• histo_output_MuFromTkUpsTkM.root is for the tracker muon identification efficiency
  • histo_output_HltFromUpsTkM.root is for the trigger efficiency

For example:

root -l histo_output_MuFromTkUpsTkM.root
root [1] fitter_tree->Scan("");


Step 3 - Compute the efficiences

We supposed that you are still in /test . Start fitting:

This part will take ~15min to finish

Once the jobs finish, there will be a root file containing fitting results produced for each tag and probe Ntuple:

process.fitMuFromTkUpsTkM = RunFit.clone(
    ReadFromFiles = [ 'histo_output_MuFromTkUpsTkM.root' ],
    FitFileName   =     'fit_result_MuFromTkUpsTkM.root'  ,
process.fitHltFromJPsiTkM = RunFit.clone(
    ReadFromFiles = [ 'histo_output_HltFromUpsTkM.root' ],
    FitFileName   =     'fit_result_HltFromUpsTkM.root'  ,
    Var2BinBoundaries   = cms.untracked.vdouble( -2.1,-1.2,0.0,1.2,2.1),

Each fit_result file contains fitting plots in each pt/eta bin along with efficiencies via Tag and Probe or MC truth.

For example:

root -l fit_result_MuFromTkUpsTkM.root
root [1] TBrowser b

Click on the root file name:

root [2] fit_canvas_pt_1_eta_1->Draw(" ");

You will see the mass fitting plots of "all probes", "passing probes", "failing probes" for tracker muon ID efficiency in pt (4.5, 6), eta (-1.2,0):


root [3] gStyle->SetPalette(1);
root [4] gStyle->SetOptStat(0);
root [5] fit_eff_pt_eta->Draw("colz");
root [6] fit_eff_pt_eta->DrawCopy("text same");
root [7] fit_canvas_pt_1_eta_1->SetLogx();
root [8] fit_eff_pt_eta->GetXaxis()->SetMoreLogLabels();

The tracker muon ID efficiency from Tag and Probe in each eta and pt bin is displayed:


You can aslo examine the MC truth efficiency "truth_eff_pt_eta" by yourself. The commands are similar to the above.

Eventually, Tag and Probe method will be performed on real data to get efficiencies. In Monte Carlos data samples, we don't have any trigger bias in them. That is to say, we have both the events which pass trigger and the events which are not be able to pass trigger. And we are able to know whether an event passing trigger or not. However, in real data, the events will pass trigger first and then come to us. Therefore, we always have a subset of all the events. Then the question is, will the trigger efficiency measured from real data (with trigger bias) be consistent with the one measured from Monte Carlos data samples (without trigger bias)? Let's do this studies step by step as below.

1) Produce data samples with trigger bias We don't want to waste time to make the skimmed soup again. Instead, we will change the configuration file "" to force Tag and Probe only performed on those events which pass trigger.

Add the following lines in the "" just after the definition of "PASS_HLT":

process.triggerMuons = cms.EDFilter("PATMuonRefSelector",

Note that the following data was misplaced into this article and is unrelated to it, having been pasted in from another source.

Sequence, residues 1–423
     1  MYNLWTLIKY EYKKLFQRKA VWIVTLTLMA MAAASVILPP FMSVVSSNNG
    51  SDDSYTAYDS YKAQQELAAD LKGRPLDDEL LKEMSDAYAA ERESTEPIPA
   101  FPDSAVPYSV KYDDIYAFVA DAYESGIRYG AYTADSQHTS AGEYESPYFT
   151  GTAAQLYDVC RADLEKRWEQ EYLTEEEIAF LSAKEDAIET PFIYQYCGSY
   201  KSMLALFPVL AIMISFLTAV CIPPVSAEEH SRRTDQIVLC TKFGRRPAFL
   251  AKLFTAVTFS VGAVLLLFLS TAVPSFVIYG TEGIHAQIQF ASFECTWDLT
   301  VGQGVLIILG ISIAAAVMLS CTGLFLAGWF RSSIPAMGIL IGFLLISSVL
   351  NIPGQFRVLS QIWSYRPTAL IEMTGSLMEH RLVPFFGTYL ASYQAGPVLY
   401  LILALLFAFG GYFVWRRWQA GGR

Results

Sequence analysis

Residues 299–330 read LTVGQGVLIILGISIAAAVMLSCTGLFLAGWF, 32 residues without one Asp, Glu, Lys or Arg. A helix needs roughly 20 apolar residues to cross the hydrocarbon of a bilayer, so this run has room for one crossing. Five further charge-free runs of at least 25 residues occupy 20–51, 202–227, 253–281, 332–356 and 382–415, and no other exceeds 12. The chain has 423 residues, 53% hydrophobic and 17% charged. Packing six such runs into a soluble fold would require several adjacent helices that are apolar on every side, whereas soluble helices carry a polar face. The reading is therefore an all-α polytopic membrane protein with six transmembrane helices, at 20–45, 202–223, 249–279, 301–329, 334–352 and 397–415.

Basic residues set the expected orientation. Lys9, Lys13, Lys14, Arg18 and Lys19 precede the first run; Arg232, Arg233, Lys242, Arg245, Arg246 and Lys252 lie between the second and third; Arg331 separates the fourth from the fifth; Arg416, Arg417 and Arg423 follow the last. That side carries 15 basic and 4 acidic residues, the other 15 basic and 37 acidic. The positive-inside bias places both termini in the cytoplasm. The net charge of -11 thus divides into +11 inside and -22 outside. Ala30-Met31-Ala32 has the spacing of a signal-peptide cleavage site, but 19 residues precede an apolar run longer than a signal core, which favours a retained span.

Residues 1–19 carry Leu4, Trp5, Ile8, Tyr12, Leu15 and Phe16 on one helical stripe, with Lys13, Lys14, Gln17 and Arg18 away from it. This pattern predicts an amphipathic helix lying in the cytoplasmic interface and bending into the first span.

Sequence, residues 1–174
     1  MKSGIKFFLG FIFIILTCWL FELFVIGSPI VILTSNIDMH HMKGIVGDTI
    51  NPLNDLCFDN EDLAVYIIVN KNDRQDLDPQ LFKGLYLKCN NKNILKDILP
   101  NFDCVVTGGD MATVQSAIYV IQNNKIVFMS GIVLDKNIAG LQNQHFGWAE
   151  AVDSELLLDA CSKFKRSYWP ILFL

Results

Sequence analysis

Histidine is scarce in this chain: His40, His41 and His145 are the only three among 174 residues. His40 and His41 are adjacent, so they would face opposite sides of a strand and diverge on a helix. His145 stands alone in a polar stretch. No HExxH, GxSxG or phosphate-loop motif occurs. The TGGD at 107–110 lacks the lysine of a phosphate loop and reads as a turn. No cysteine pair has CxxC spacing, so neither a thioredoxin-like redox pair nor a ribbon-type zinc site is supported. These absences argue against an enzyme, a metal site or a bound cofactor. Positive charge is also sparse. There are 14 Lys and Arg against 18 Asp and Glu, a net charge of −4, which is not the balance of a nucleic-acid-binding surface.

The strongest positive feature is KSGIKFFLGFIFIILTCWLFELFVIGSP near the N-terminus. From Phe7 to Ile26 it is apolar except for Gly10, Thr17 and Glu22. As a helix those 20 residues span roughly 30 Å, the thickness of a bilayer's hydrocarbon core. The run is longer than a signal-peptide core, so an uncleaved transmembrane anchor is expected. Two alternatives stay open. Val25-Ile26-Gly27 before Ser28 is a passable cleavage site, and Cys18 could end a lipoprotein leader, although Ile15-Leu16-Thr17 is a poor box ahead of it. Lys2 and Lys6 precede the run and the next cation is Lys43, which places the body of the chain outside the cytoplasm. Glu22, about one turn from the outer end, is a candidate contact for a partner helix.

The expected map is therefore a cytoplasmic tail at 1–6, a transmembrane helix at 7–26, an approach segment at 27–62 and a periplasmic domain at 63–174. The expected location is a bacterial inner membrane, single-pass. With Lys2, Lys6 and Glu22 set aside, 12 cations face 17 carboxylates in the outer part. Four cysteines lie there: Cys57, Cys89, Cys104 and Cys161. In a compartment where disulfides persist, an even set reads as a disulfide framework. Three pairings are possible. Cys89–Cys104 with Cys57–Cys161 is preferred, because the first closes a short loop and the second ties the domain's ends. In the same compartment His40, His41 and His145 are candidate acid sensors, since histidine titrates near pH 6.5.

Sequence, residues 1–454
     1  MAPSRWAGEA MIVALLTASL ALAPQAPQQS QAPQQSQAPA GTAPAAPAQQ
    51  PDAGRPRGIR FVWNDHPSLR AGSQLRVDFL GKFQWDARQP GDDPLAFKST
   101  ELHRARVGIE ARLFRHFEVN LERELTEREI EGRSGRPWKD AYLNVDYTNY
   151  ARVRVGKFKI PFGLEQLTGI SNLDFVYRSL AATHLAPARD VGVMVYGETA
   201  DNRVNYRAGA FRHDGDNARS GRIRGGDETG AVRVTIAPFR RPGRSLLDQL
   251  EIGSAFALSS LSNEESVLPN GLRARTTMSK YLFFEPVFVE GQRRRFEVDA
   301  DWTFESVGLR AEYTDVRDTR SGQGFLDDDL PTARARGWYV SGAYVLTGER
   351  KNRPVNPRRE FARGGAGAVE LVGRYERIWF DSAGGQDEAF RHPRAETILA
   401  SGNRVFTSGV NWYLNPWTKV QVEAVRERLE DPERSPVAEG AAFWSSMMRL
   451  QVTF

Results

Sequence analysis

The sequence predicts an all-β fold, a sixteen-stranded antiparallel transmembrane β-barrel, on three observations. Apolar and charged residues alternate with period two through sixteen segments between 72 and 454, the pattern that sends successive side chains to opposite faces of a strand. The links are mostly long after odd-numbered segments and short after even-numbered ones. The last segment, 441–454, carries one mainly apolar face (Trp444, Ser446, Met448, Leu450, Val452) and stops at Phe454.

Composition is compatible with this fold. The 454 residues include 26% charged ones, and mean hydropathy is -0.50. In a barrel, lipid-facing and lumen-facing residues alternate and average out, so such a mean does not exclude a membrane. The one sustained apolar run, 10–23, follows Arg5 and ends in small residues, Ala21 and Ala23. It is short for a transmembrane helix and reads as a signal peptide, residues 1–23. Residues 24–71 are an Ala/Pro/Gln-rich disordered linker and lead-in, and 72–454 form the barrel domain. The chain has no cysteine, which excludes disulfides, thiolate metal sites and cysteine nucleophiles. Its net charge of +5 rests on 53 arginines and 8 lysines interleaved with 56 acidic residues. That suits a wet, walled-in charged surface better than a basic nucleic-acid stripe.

src = cms.InputTag("patMuons"),
    cut = cms.string( PASS_HLT ),
    filter = cms.bool(True),
This filter simply filters events by checking whether the event contains at least one pat muon which can pass the "HLT_Mu3" trigger path. If the size of the so-called "triggerMuons" is not zero, then this event must pass the "HLT_Mu3" trigger. Otherwise, it must not. Only the events passing "HLT_Mu3" will be keeped after this filter. Don't forget to add this process beyond all of the other processes.

2) Repeat Exercise 3 with the new "". Notice, when fitting the histograms, you only need to run the "" because only the trigger efficiencies may be affected due to the trigger bias. Also, please save the output files into different names. You can add "_bias" as an extension of each file name.

QUIZ: Are these differences between the tag and probe efficiencies measured from non-bias samples and bias samples?

If the answer to the above quiz is "yes", please continue doing the next step.

3) Open the "" again and check the tagMuons requirements:

process.tagMuons = cms.EDFilter("PATMuonRefSelector",
    src = cms.InputTag("patMuons"),
    cut = cms.string("isGlobalMuon && pt > 3 && abs(eta) < 2.4 "), 
    filter = cms.bool(True),

QUIZ: Modify the above lines to require tag muons passing trigger.

Once you've done the quiz, repeat 2) with the new "". Save output files into new names.

QUIZ: Compare the efficiencies measured from 3) to the previous two tset of trigger efficienies. What will you conclude?

Exercise 4 - Upsilon Selection and Yield Tree

The purpose of this exercise is to create a ROOT TTree with the Upsilon candidate information to be used for fitting the signal yield. The input is the skimmed data sample that contains the PAT objects, produced in the previous exercise. The output TTree has to contain the mass, pt and rapidity of the Upsilon candidates, as well as the pt and eta of the daughter muons for efficiency corrections. Technically this task consist of two parts: A CMSSW python configuration file that defines the selection of Upsilon candidates. And there a C++ module that dumps the variables of the candidates to a TTree.

Step 1 - Produce the data tree from the skim

Change the Event number to -1 and run the prepared configuration:


Inspect the output root file:

root -l upsilonYield.root
root [1] upsilonYield->cd()
root [2] upsilonYield->Scan()


Step 2 - Apply selection

QUIZ: Modify test/ to select muons with additional quality cuts:
  • number of valid silicon hits > 10
  • normalized chi2 of silicon fit < 5
  • TMOneStationTight tracker muon selection
Hint: should contain the following:
process.goodMuonsOld = cms.EDFilter("PATMuonRefSelector",
    src = cms.InputTag("patMuons"),
    cut = cms.string("track.isNonnull && pt > 3.5 && abs(eta) < 2.1"),
process.goodMuons = cms.EDProducer("MuonSelectorUpsilon",